Network Data Flow and Its Effect on Application Performance

Posted by Devaraj A
November 21st, 2012

Once the URL address of the website is entered in the URL window, the browser starts to establish a connection between the transport layer and itself.  The UDP (User Datagram Protocol) packet with a designation port of 53 is sent to the DNS (Domain Service Provider) server to request the ip address of the website. Once the ip address is returned from the server, Transport Layer will send a SYN PACKET to the server that stores the website. Correspondingly the server will send a SYN-ACK PACKET, if it accepts the request. Then the PC will send another SYN packet and the webpage will start to load into our PC. Now the connection is made between the BROWSER and WEBSERVER and the data packets will start to transmit between them.

Data packet: It is a stream of data bytes that contains both the header and the web page data.

So in TCP/IP, once the connection is made between the application and the web server, all the data is transmitted as data packets. So it may affect the application performance in the following ways:

  • Data packets may get lost, so TCP asks for retransmission of data, obviously it affects the response time of the application
  • When concurrent users log into the application, there may be a possibility of traffic in the data packet transmission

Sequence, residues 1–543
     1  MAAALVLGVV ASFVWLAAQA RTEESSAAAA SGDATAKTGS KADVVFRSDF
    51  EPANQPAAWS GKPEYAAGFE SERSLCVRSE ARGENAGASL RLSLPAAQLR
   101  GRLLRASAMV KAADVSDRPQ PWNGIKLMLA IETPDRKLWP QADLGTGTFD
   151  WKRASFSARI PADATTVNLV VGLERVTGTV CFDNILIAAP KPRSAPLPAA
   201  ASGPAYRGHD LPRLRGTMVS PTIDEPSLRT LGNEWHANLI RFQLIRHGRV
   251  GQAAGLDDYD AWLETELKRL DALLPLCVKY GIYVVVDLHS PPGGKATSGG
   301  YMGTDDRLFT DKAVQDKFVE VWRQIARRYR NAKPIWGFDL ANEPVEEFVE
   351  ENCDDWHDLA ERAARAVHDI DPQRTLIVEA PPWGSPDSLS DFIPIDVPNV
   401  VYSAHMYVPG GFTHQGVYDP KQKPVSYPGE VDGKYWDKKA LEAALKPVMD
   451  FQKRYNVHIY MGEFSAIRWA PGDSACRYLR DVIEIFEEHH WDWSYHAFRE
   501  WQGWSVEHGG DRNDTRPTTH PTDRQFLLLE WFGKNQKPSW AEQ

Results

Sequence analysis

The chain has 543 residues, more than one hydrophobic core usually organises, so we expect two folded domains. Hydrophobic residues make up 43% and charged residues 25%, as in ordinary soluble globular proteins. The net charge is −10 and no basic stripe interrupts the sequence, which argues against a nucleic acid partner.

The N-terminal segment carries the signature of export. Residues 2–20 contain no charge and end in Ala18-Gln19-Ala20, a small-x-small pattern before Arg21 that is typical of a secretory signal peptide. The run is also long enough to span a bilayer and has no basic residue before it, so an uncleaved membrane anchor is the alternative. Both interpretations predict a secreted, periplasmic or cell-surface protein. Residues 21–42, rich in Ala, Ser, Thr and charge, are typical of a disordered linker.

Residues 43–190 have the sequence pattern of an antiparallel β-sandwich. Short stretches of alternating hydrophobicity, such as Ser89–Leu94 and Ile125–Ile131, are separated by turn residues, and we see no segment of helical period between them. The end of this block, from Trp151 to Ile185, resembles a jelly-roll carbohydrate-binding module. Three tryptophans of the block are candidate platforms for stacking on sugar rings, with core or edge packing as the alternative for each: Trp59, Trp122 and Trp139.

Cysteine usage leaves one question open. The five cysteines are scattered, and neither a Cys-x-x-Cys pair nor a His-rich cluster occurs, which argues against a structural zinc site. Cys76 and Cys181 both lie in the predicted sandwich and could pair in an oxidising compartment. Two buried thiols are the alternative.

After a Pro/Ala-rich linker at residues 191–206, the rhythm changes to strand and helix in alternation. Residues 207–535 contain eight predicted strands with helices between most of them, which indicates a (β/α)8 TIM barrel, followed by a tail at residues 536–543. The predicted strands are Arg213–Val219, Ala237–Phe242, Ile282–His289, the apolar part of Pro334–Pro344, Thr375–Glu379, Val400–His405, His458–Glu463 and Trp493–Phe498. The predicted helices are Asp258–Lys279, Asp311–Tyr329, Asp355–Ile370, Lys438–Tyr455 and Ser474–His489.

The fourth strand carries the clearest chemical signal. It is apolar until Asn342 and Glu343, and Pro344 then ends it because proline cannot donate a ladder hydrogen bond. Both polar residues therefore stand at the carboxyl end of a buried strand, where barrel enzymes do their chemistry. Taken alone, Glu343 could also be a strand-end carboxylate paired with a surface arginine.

• Lower band width affects the application performance
  • Lower bandwidth will allow sending few data packets per time slot, so it requires more time for amount of data than higher bandwidth transmission
  • When the ROUTERS having different MTU values, it affect the application performance

Router R1 and Router R3 both have an MTU of 1500 bytes (the TCP/IP maximum) but Router two (R2) has an MTU of 1000 bytes. As data is being sent from the web server to your PC, R3 will receive the packets first. R3 can sense the MTU of R2 because each of them have a connection on a common network. R3 will then fragment every packet it gets from the web server into two packets at the IP layer (for example, one with an MTU of 1000 bytes and the other with an MTU of 500 bytes) before they are transmitted to R2. So the fragmentation between the routers will affect the application performance.

Thus, the application performance not only depends on the application code, the hardware configuration of the server but it also depends on network parameters as they carry the data between the server and client, whatever the technology in which the application is built.

Comments (0)